Spoilers for Interstellar are ahead.
The fact that it was directed by the famous director Christopher Nolan, written in collaboration with his brother Jonathan Nolan, was in and of itself a quite valid reason to put in the effort of stepping outside the warmth of my cozy dorm room into the starting winter on a rather tedious trek towards AMC Metreon 16 in San Francisco. I thought Nolan deserved better respect than Berkeley’s shame of a theater.
Out of laziness and to a certain extent due to the surprising heat of the day against the thick wool sweater I chose for the outing, I took the AC Transit bus number 51B from the South side of UC Berkeley’s campus where I live to where the Bart station is – in the heart of Downtown Berkeley. As I got off the bus, the cooler wind of the downtown area greeted me to my relief. I crossed the street and escalated down into the dark gloominess of the Bart station. The habitual route to San Francisco’s Powell station was, well, a habitual one with not much of anything except for the reek of weed and the coming and going of people – all too ordinary to be true.
Before I even fully realized, I was settled in seat J22 of the main IMAX Theater, and the movie began right away without any movie trailers to waste my time.
WAIT WHAT WHOA WHAT FUCK
no… fucking… way…
So basically, this was the gist of my movie experience. All IMDb had informed me about this film prior to watching it was a sad – “A team of explorers travel through a wormhole in an attempt to find a potentially habitable planet that will sustain humanity.” Um, excuse me. No justice served.
Although the movie greets its massive audience of Inception fans with a rather slow start to its epic survivalist journey, Interstellar delivers a profound masterpiece. It was one of the most exhilarating film experiences I had personally encountered this century – not that I’ve lived through all of it.
Contrary to Inception which bases its whole plot on a somewhat blatant fabrication of dreaming consciousness and, therefore, lacks depth in meaning, Interstellar takes on a more scientifically accurate approach to a master narrative of black holes, relativity, singularity, and fifth dimension. Following along the latest movie trend of an apocalypse, Interstellar begins with the approach of world – more precisely Earth – destruction. The story plot illustrates the real world’s fear – the Great Depression has returned and with it the harrowing dust storms. The blight of not just potatoes but of all crops, all food, is reducing the amount of oxygen in the atmosphere, raising nitrogen levels and making Earth less and less habitable with time. All seems to be lost on Earth, so mankind turns to outer space as refuge with no other choice.
With the help of his daughter Murph (Mackenzie Foy/Jessica Chastain), Cooper (Matthew McConaughey) stumbles upon an undisclosed underground NASA outpost run by Cooper’s former mentor Professor Brand (Michael Caine). An accomplished pilot, Cooper is recruited by Professor Brand to be the commander of a top-secret mission to retrace the flights of other astronauts sent to three different planets, each thought to have the potential of sustaining human life. Assisted by Brand’s daughter, Amelia (Anne Hathaway) and a witty talking robot TARS (Bill Irwin) Cooper leaves his own beloved daughter Murph behind on a desperate journey to save humanity from extinction.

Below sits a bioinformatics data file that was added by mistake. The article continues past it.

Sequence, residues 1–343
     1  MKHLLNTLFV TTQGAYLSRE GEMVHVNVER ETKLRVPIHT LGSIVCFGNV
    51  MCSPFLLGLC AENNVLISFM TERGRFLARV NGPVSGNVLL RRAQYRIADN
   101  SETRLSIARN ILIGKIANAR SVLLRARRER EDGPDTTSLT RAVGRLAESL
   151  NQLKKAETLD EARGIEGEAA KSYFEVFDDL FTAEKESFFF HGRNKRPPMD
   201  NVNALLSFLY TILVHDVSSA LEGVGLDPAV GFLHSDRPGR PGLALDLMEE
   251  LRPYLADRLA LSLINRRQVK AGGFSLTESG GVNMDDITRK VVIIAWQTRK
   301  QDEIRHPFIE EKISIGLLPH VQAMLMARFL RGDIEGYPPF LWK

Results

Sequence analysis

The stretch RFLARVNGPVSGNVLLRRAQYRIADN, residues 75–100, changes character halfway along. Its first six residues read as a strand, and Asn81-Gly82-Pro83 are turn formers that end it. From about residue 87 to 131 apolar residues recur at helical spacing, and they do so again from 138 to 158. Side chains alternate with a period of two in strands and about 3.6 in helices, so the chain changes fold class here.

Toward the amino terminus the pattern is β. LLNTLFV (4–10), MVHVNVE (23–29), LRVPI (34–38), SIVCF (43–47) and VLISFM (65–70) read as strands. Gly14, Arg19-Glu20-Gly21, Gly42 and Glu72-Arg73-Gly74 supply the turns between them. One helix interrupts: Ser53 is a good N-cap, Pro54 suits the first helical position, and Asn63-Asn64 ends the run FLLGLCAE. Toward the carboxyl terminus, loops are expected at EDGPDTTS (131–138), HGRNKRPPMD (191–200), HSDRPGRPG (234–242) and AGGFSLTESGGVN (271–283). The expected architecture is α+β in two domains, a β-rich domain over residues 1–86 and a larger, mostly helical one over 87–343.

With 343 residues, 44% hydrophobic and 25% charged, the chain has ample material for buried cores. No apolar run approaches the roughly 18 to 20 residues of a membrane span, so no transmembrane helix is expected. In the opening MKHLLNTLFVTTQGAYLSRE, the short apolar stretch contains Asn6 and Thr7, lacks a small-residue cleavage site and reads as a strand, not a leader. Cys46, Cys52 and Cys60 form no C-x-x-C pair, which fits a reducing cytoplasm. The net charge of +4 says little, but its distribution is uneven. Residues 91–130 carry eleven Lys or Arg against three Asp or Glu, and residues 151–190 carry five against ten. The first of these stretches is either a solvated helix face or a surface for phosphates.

In order to narrow the impossible distance between Earth and the other planets, Cooper and Amelia travel through a wormhole near Saturn, a shortcut tunnel through space and time that allows them to leave the galaxy in the time span of a human life’s existence. While Cooper is in space, time zips past back on Earth – his son is a father to a family, Murph an astute scientist working under Professor Brand, and his father-in-law (John Lithgow) has passed away from old age – even though a single year has not even passed for Cooper. Like Cobb (Leonardo DiCaprio) in Inception, Cooper longs to return to his family but pushes on. Cooper’s internal urgency clashes with Amelia’s desire to be reunited with her lover, one of the astronauts on the earlier mission. This theme of love is incorporated back into the final scene and the overall message of the film - the belief that not only gravity but love is an incomprehensible power that holds galaxies together.
With the theme of love, it can be quite difficult to steer clear of clichés. Hollywood movies about romantic love or about sex bombard the box office, and serious movie lovers often find movies with this obvious theme of love too dull and repetitive. Interstellar is worth giving its 170 minutes – almost three hours – full attention because it approaches love from an unfamiliar perspective.
Interstellar does not portray a single couple – none of the lovey-dovey romance. Instead, there are more attenuated but at the same time more heartwarming kinds of love: a grandfather’s love for his son and his grandchildren, the children’s love for their father in a world without their mother, and later the angry love of abandoned Murph who loves but rages at Cooper for leaving her, as well as the love of Amelia for her lover where even “the tiniest possibility of seeing [him] again excites [her]” after a decade long separation. There is also an even more broader, all-transcending love humans have for their own existence. Nolan wanted to depict the "magnetic force", similar to that of gravity, of these kinds of love. As Amelia tells us, “Love isn’t something we invented. It’s observable, powerful, it has to mean something... Love is the one thing we’re capable of perceiving that transcends dimensions of time and space."
I will end here, omitting any commentary about the black hole of fifth dimension to show some respect to those who have yet to watch this incredible film, in which case you should immediately.